Getting to know shrews...
August 24, 2013 11:18 AM   Subscribe

Gray wolves mate for life, honeybees know the world is round and ducks have corkscrew penises. Tell me more! I'm looking for thoughtful and fascinating introductions to the features, behaviors and "character" of particular species of animal.

I'm a storyteller who often works with folktales, myths and legends involving animals, and I can't help but notice that many older stories that feature animals or animal-like creatures as characters (such as selkie stories, for instance) demonstrate a much deeper understanding of and connection with animals than I, a modern city-dweller, possess. It's making me feel somewhat cut off from the natural world, and from the human cultures in which these stories originated, in which people lived and worked alongside animals and had much more of a chance to observe them.

I want to get to know species of animals the way we get to know a friend -- not in terms of height, weight, distinguishing features, habitat etc., but in terms of what makes them interesting and unlike any other animal. (I was surprised to read in Guns, Germs and Steel, for example, how profound an effect it had on human civilization that zebras aren't domesticable.) I'm looking for works/resources/activities that will make me feel I really know something vital about a particular species -- gray seals, for instance, or kestrels, or dragonflies. Back in the day, Never Cry Wolf did a really good job of this for the Arctic wolf -- any other suggestions?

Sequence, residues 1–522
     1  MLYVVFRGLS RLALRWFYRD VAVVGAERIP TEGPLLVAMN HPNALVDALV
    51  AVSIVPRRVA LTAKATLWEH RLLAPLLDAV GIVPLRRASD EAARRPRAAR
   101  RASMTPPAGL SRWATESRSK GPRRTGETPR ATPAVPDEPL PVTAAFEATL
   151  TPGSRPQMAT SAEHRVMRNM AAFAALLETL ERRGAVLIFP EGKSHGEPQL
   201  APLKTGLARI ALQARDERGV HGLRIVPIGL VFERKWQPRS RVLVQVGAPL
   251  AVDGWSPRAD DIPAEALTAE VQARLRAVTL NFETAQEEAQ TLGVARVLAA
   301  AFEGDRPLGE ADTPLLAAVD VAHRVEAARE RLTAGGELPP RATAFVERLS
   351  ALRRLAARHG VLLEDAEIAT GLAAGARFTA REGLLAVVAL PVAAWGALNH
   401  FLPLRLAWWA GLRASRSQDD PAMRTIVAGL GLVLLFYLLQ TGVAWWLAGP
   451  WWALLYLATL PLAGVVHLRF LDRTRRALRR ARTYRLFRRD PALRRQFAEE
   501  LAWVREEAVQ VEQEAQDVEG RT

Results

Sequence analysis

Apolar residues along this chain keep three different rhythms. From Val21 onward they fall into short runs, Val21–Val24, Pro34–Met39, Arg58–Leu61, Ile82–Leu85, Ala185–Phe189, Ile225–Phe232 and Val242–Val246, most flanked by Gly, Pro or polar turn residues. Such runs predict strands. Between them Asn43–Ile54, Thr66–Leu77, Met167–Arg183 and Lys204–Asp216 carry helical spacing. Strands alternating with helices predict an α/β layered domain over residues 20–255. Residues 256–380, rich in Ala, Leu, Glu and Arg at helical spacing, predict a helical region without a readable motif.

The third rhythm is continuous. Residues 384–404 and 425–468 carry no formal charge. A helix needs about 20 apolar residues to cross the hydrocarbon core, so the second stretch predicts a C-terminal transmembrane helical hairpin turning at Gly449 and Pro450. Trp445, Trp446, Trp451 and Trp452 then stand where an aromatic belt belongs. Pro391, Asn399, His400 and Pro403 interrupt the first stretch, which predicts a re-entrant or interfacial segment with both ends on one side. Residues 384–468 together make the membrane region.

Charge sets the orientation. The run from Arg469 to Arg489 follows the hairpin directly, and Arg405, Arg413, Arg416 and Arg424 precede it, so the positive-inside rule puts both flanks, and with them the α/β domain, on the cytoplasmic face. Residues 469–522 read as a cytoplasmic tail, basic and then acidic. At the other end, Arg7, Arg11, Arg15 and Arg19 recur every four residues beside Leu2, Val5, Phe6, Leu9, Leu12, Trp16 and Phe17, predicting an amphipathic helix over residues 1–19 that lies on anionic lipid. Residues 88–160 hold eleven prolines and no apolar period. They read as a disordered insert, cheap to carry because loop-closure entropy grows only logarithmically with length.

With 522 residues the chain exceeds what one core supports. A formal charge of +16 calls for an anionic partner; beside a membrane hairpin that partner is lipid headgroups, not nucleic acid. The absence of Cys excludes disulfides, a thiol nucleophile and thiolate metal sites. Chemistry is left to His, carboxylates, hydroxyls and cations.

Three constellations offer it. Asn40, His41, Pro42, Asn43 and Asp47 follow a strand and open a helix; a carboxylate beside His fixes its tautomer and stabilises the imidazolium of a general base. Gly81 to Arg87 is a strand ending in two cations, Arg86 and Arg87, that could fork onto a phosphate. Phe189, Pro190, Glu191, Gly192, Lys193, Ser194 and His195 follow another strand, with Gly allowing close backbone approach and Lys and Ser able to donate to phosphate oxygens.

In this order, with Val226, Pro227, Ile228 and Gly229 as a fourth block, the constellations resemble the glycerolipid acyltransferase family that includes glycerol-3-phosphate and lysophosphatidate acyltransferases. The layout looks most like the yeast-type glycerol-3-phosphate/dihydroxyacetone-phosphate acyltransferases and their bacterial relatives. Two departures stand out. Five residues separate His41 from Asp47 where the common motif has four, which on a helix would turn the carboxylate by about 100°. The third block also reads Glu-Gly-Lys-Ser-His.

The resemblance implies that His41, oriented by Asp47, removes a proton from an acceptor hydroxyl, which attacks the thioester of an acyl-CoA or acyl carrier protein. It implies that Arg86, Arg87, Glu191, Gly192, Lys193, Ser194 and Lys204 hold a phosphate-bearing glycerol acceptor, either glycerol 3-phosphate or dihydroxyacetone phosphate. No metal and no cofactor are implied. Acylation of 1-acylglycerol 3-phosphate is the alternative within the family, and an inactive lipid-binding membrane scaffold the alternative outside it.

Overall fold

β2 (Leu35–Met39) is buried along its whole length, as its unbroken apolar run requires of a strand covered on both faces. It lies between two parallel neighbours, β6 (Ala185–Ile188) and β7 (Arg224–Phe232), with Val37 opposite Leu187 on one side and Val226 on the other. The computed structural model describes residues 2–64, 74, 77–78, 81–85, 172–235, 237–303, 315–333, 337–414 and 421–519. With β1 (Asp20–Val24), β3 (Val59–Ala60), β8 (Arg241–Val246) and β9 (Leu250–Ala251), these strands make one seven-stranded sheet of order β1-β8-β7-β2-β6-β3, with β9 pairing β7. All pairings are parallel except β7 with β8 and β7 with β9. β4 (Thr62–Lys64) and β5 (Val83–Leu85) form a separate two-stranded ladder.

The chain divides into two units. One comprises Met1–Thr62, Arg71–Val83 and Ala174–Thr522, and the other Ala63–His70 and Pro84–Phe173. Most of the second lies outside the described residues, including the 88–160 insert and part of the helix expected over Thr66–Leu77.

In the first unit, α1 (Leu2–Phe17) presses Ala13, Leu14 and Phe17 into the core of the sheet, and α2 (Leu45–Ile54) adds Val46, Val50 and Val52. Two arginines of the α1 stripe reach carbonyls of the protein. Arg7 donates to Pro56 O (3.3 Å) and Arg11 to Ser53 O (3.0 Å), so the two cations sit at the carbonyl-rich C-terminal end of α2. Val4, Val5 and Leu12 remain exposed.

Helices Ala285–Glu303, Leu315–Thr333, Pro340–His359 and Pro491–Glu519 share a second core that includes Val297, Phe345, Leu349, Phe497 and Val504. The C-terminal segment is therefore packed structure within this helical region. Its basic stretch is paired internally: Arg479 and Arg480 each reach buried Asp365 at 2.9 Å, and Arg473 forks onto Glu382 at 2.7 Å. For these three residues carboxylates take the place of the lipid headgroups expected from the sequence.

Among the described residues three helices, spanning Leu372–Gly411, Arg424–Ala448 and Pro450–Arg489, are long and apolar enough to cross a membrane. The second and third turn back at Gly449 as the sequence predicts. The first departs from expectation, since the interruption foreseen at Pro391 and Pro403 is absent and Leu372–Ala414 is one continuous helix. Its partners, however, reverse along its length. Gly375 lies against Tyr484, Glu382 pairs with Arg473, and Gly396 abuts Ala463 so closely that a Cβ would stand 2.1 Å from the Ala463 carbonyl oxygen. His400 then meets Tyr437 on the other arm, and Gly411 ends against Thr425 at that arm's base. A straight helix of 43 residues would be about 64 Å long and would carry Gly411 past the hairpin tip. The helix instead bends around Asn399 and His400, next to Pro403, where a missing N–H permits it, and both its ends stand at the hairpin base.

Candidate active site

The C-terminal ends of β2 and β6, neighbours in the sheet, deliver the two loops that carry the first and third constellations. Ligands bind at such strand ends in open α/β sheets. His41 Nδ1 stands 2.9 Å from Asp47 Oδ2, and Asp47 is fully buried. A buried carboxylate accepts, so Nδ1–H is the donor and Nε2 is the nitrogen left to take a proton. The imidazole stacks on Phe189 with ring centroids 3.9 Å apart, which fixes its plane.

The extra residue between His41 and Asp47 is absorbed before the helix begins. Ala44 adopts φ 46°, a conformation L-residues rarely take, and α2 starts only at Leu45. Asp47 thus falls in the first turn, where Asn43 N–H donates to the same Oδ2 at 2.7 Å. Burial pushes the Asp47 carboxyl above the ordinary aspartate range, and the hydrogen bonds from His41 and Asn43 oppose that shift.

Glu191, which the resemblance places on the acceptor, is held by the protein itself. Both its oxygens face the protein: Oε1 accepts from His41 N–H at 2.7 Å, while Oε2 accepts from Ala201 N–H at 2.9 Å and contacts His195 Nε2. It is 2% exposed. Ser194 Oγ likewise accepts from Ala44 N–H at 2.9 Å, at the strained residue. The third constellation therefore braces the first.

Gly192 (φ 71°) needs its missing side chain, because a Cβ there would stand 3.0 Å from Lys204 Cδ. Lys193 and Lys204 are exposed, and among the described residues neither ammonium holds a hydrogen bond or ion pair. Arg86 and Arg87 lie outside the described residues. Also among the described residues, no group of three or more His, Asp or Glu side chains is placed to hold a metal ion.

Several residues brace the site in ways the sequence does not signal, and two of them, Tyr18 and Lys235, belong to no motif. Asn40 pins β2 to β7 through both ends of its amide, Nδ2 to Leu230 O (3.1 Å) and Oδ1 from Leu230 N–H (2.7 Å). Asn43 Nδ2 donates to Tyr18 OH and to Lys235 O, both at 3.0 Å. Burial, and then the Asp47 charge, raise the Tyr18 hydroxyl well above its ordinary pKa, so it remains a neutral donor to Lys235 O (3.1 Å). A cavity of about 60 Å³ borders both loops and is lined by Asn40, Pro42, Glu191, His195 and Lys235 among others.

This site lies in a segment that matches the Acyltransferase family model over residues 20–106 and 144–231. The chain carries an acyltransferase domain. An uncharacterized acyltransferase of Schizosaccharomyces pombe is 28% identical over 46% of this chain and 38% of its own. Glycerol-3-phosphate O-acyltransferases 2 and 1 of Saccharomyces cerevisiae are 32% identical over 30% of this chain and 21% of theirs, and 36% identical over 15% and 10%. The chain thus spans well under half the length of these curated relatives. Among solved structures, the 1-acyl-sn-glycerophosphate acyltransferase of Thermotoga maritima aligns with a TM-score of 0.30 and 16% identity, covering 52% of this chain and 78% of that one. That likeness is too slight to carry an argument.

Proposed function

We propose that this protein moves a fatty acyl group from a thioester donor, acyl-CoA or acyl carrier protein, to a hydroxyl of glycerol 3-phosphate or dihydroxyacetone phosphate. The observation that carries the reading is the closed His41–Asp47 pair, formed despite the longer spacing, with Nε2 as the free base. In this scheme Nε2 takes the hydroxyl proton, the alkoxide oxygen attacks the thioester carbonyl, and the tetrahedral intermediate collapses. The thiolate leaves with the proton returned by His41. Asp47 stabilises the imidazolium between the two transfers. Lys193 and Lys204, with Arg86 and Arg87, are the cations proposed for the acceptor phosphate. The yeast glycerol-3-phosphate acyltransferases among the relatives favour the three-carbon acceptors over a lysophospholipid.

posted by stuck on an island to Pets & Animals (17 answers total) 30 users marked this as a favorite
The duck penis fact made me think you've already found zefrank on youtube. If not, then his 'true facts about the X' videos are what you are looking for.
posted by cgg at 11:23 AM on August 24, 2013 [3 favorites]

Dr. Tatiana's Sex Advice to All Creation is hilarious. It's written as a bunch of sex advice columns to animals writing in with sex questions related to their biology.

I'm not sure it'll be as in depth as you're looking for but you could try watching Planet Earth. Certainly more interesting than reading an encylopedia entry.

Sharkwater is a documentary about sharks, partly about how cool sharks are and partly about the shark fin industry. I still think about it five years later.

This radiolab podcast, Animal Minds, about a whale possibly thanking its rescuers is also fascinating.